Washington's Tiger Muskies
Don W., September 16, 2003
Tiger muskies are a hybrid of muskellunge and northern pike. They are large fish that can grow to over 4-feet in length and 30+ lbs. The game dep't stocks them to control squawfish and carp, and provide an exciting sport fishery. Tiger muskies are sterile and can't reproduce. Lakes can only support a very limited number (less than 1 adult fish per surface acre), so all tiger muskies should be released.
Mike's 30 pound Lake Tapps Muskie
Tiger muskies are extremely difficult to catch. They are the pinnacle of freshwater sportfishing, and catching them consistently is a great challenge. Muskie anglers are specialists in this species. Being successful requires becoming proficient in tactics, learning the lakes you are fishing, and spending a lot of time on the water. One fish for every 40 hours spent fishing is a good success rate. This sport requires dedication, and is physically demanding.
Tiger muskies like warm shallow water. In lakes lacking structure, they live in weeds. If a lake has underwater stumps and logs along its shorelines, those are also good areas. They also relate to docks, cribs, rock piles, and underwater points and humps where this structure is available, but most of Washington's tiger muskie lakes lack structure, so you will mostly fish weeds and wood.
Tiger muskies have three moods: Inactive, neutral, and active. The inactive fish are all but impossible to catch. A tiger muskie fisherman tries to locate active fish ready to feed, but these fish feed infrequently and are inactive or neutral most of the time, so he also will devote effort to locating neutral fish, then try to trigger them with an enticing lure presentation.
Tiger muskies are most catchable during the summer months. After mid-October, they scatter into deep water and become dormant, and are nearly impossible to locate or catch during winter.
Warm cloudy days are the best time to fish for tiger muskies. I prefer to fish at mid-week when boat traffic and fishing pressure are less. Early morning and evening are key periods, but it is worthwhile to fish throughout the day if the skies are even partly cloudy. Bright clear skies are not in your favor, and if a cold front has gone through within the last couple days you may be wasting your time. But tiger muskies follow no rules, and sometimes are caught when conditions seem least favorable.
Tiger muskies strike lures because they're hungry. They want a meal requiring little effort to catch. For this reason, you should use an erratic retrieve so your lure imitates an injured, weak, or confused baitfish. They are primarily sight feeders, so it's important they can see your lure. Tiger muskies are attracted by flash, vibration, and motion. Whether they are finicky about color varies by lake. Use natural colors in clear water, and bright colors in muddy or stained water. Black is good in low light conditions. Most of Washington's tiger muskie lakes have very clear water.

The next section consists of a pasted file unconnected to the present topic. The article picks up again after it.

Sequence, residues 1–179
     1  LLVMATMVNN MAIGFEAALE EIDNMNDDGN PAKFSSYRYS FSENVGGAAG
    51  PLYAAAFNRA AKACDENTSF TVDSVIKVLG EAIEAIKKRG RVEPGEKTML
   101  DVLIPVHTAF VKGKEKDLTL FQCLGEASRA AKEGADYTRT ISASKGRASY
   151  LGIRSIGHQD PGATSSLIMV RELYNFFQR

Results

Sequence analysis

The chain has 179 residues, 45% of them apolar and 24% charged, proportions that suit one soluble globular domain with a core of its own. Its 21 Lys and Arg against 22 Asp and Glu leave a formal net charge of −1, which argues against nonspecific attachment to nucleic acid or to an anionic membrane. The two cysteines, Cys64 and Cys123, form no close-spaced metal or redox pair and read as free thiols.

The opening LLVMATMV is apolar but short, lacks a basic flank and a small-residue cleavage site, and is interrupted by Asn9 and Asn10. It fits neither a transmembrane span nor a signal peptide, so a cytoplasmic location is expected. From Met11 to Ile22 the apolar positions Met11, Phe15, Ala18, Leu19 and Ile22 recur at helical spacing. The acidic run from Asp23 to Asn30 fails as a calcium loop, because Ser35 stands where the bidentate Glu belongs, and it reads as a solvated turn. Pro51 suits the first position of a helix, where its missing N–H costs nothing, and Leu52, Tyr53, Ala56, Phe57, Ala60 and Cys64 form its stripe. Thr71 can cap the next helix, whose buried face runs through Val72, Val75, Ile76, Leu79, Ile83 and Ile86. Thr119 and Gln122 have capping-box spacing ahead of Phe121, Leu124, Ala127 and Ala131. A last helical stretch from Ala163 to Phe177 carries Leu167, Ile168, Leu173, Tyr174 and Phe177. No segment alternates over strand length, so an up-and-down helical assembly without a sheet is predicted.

Bucktails should be retrieved quickly in a straight line. Don't let it stop during the retrieve, or the fish will instantly lose interest. Tiger muskies often follow the lure to the boat. Wear polarized glasses to spot followers and always figure-8 the lure alongside the boat, which may trigger the fish into striking. If this tactic fails, leave the area and come back a few hours later to work that fish again with a different lure.
Tiger muskie fishermen also use crankbaits, jerkbaits, pull baits, gliders, and jigs. Work these lures with a jerking or snapping motion to create the erratic baitfish action mentioned above. These lures also should be figure-8'd at the boat, even if you don't see a fish. You don't always see the followers.
Although fishing with topwater lures is popular in the midwest, they don't seem to work on Washington lakes. Night fishing doesn't work, either. Our tiger muskies feed only during daylight hours, and shut down after dark.
Washington prohibits live bait, but you may be allowed to use dead fish as bait (check regulations for the lake you are fishing), and this may be worth a try when artificials aren't producing. Catch a squawfish on a crawler rig, and fillet one side (discarding the meat). The reason for filleting it is to give it better action and more scent in the water. Rig it on a two-hook herring rig, or a muskie quick-set sucker rig, and cast it like a lure, with a swimming-like retrieve. This tactic may draw an inquiry from a wary customer who has seen too many bucktails and plugs to buy the standard fare.
I use a salmon net to land tiger muskies. Handling tiger muskies is dangerous because of their teeth and razor-sharp gill rakers. Don't leave lures laying around the boat unless you want to pull hooks out of your legs, because a landed tiger muskie typically thrashes in the boat and is very capable of creating havoc with any loose equipment. You will need pliers to get the hooks out of the fish, and out of yourself if you failed to heed the above warning.
Release tiger muskies by gently placing the fish in the water upright and holding it by the tail until it swims away. This may take a few minutes. It's very important to get the fish back in the water as quickly as possible. When tiger muskies are competently handled and promptly released, their survival rate is very good, and you can come back to catch that fish again.
Frank Harwood with a real beauty!
For more detailed information about fishing for tiger muskies in Washington State, e-mail me at firstname.lastname@example.org. -- Don W.